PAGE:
It’s no secret that dementia is a global health crisis. With no cure it’s important that we begin to look at ways to offer a better standard of living. One Dutch village is taking a new stance against dementia, offering its 152 residents a chance at a normal life.
At first glance Hogeweyk could be any other village, it has a grocery story, a post office, a theatre. However, workers at the shops and restaurants are all in fact registered nurses, cameras keep an eye on residents at all times and there is only one-way in and out.
Hogeweyk functions as full time ‘reminiscence therapy’ that draws on patients’ own lives to help them cope with the cognitive and behavioural symptoms of dementia.
Instead of being confined to their rooms, residents move freely through out the village, going about their day-to-day lives, all the while watched carefully by staff.
The community aspect of the village is particularly important. Studies have shown that isolation can actually decrease the production of Myelin in the brain. Myelin is a fibre that’s crucial to maintaining nerve cells in the brain. A decrease in Myelin results in worsening symptoms of dementia and therefore worsens their quality of life.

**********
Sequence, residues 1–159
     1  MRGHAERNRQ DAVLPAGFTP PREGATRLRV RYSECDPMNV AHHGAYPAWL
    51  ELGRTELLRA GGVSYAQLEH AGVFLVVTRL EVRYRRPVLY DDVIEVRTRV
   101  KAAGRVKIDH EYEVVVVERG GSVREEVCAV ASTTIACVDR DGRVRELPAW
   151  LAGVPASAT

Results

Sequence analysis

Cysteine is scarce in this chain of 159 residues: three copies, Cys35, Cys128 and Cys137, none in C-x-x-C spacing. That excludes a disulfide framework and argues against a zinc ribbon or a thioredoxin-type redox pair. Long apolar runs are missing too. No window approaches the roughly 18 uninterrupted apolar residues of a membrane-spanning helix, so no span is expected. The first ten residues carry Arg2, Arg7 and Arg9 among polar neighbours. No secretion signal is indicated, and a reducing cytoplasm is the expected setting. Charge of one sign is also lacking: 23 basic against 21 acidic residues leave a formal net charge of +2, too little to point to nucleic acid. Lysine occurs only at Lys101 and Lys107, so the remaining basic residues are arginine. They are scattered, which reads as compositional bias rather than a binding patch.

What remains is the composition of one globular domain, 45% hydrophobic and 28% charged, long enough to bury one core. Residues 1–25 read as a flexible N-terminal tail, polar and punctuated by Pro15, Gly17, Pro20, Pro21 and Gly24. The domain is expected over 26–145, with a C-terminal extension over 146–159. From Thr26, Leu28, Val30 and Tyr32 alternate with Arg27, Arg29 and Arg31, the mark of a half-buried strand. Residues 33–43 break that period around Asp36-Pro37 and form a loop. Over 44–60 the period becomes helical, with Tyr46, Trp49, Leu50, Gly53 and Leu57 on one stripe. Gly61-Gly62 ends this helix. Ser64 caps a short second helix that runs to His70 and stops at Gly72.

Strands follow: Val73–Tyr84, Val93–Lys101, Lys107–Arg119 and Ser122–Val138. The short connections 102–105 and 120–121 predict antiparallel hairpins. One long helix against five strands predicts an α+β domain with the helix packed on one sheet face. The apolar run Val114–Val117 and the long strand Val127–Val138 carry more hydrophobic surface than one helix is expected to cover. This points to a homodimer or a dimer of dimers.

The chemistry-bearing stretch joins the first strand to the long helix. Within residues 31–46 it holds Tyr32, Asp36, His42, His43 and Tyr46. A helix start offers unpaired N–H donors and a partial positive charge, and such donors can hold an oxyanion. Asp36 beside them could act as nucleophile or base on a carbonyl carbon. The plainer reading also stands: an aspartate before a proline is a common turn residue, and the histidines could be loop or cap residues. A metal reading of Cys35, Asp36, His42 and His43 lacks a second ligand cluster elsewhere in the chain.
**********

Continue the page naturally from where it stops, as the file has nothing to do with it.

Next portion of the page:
One of the nicest things that Hogeweyk do for their residents is provide unique décor for their homes. Each house is furnished according to the period the residents began losing their memories and so they don’t have to cope with confusion over modern times.
Unlike other dementia facilities, Hogeweyk’s nurses don’t try to correct residents when they’ve misremembered the date or some fact about their lives, instead they agree with everything they’re saying. This reminds me of something the staff at Poppy Lodge in the UK is doing. I highly recommend watching the Channel 4 show if you’ve not already. It’s a real eye-opener into what I hope becomes the norm for dementia treatment globally.